Passenger Seat

The passenger seat is another popular place for RVers to create a workspace, especially in class A motorhomes. Many love this because the seat is heavily cushioned and comfortable and there is a big window to look out. Many RV manufacturers place an electrical outlet near the passenger seat (and sometimes a desk surface) to make working from this space more comfortable.

Can the passenger seat serve as my workstation?

  • Is there a power outlet close by? Does the outlet work on the inverter if there is one?
  • Is the chair comfortable for working? Can you get into a position that is right to work rather than to ride in the vehicle?
  • Is there sufficient space to work? Is the space easy to access or do you have tables, center consoles etc to get over?
  • Will you have to break your desk down frequently due to travel and does that work for you?

Toy Hauler Garage

Toy haulers are RVs that have a dedicated space for storing and transporting your toys i.e. motorcycles, dirt bikes, ATVs, etc. This space is usually called the garage. The garage can be a really good place to establish a work space.

In many toy hauler RVs there are built in dinettes that could serve as a desk, or you have the additional space to create your own setup. Additionally, a lot of RV garages have doors that separate the garage from the living space, which allows for a quiet area to work. If that wasn’t enough, many garages have doors that lay down and turn into an outdoor patio area, which would be the best “break room” in town.

The garage of this Heartland Pioneer RG26 would make a perfect office set up

Option 2: Creating Something New

No matter how hard you try, or how thoughtful the RV manufacturer is, any of the above mentioned spaces will never be 100% perfect for working. Primarily because these spaces usually serve multiple purposes and aren’t designed to be full time offices. Therefore, many RVers choose to customize their RV to cater better to working full-time on the road.

If you are able and have the desire to do so, customizing your RV to truly fit your work life is highly recommended. Creating something specifically designed with your work needs in mind will allow you to be as productive as you can possibly be. 

No Shortage of Innovation or Options

Modifying or renovating your RV can be a scary proposition, but rest assured, there are many people out there that have done it with incredible results.

But, you don’t have to necessarily go crazy and start ripping our walls. Luckily, there are some products that are designed to make it easy to create a better workstation without a lot of changes. Take for example this multi purpose dinette that converts to a modern workstation with the touch of a button!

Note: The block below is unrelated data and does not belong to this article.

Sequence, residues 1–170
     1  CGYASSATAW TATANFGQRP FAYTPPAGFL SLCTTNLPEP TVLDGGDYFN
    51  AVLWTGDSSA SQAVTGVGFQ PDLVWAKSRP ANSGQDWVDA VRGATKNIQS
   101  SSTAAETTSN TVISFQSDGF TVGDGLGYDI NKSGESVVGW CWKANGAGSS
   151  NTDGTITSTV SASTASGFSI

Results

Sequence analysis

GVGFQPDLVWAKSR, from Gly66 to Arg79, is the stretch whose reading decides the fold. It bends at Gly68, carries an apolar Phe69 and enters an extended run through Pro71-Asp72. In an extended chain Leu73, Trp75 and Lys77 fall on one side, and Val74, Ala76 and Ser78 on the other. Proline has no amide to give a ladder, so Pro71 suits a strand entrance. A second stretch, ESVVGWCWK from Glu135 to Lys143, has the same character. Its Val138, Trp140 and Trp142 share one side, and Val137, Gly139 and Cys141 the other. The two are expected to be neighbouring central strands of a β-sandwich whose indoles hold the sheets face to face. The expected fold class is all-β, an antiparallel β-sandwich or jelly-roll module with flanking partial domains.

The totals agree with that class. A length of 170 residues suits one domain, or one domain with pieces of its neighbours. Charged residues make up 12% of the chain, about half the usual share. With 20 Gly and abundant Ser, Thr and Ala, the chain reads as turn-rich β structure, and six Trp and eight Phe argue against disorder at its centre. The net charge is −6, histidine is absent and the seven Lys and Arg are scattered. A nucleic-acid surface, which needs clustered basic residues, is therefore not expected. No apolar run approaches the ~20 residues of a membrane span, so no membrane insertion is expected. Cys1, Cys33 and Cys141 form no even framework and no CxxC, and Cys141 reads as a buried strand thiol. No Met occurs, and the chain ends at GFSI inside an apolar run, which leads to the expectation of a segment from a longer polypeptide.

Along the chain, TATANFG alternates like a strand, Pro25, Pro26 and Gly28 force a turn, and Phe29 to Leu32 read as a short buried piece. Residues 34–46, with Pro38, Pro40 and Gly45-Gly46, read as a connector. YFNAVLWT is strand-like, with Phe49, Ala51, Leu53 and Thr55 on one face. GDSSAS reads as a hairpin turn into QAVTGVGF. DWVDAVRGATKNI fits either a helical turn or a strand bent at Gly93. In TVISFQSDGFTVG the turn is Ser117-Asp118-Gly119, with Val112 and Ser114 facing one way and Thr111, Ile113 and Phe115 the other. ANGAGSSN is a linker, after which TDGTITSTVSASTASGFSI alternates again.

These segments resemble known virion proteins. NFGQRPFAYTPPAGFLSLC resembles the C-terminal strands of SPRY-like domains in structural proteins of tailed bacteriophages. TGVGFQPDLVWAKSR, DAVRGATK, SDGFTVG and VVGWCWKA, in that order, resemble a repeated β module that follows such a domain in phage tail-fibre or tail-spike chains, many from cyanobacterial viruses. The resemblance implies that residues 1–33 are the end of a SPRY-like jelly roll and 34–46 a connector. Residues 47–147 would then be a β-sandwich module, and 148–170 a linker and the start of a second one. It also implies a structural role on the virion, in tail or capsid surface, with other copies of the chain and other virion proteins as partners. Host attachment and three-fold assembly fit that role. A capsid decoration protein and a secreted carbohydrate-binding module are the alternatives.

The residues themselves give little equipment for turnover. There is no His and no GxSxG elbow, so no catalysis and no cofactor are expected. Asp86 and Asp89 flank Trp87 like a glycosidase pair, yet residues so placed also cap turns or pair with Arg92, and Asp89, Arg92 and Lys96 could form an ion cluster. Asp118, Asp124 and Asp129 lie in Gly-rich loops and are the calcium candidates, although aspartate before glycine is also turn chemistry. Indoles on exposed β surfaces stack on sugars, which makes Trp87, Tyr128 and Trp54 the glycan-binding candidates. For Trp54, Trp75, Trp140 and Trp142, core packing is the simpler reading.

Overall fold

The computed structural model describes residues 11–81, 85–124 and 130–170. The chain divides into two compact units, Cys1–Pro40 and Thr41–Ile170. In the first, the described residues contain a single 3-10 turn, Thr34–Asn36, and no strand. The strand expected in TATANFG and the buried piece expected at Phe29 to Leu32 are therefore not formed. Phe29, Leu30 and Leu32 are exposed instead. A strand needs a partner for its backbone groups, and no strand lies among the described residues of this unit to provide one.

Find Inspiration

If you’ve been reading this and you are leaning towards modifying or renovating your RV to create your perfect workstation, check out some of these examples we found on Instagram for inspiration!


View this post on Instagram


A post shared by Lauren | RV Life (@woodlandcreatur)


View this post on Instagram


A post shared by Gypsy Jones | RV Life (@gypsyjonesroams)


View this post on Instagram


A post shared by Fabian, Becky, JR, & Jag (@proceedingonwardinamerica)


View this post on Instagram


A post shared by 𝗟𝗼𝘃𝗲 𝗧𝗵𝗮𝘁 𝗥𝗩 ♡ RV RENOVATIONS (@lovethatrv)


Sacrifices and Benefits

Regardless of how you set up your dedicated workstation in your RV, there will always be some sacrifices to working on the road. You’ll undoubtedly run into issues that you probably wouldn’t in a traditional work environment. There is nothing like trying to balance your 11:00 AM campground checkout time with your morning meeting or working all day from a random parking lot with enough space and enough signal to complete your job in between RV reservations.

But, that being said, there is nothing quite like having changing work views out your office window or being steps away from adventure when your work day ends.


In the end, I believe that full-time RVing is one of the greatest experiences you can have. Being able to do that AND work is truly amazing and makes me so happy to be alive during this time! But, work is still work and if you are going to work from the road, it is important for you (and your employer) to have a dedicated workspace where you “go” to focus and get your job done. Hopefully this post has provided you some things to consider or inspired you to pursue working full time from the road!

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Related Posts:

Finding and Maintaining a Remote Job on the Road

5 Ways to Make Your RV Feel More Like Home

How to Make Money on the Road

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Will Belden
Will Belden
2 years ago

Could also do what we did! We ripped out the five-person sofa that came in our fifth wheel. (To watch TV, it was almost unusable as the TV itself is at a 90 degree angle from the slide. Made my neck hurt.) With the sofa gone, we put in a double desk. Much lighter than the sofa, too, so some weight savings. Here’s a link to what we bought: (Not an affliate link, but does support the Escapees C.A.R.E. charity.) Be sure you can be that close to your partner for long periods of time. (25 years of marriage,… Read more »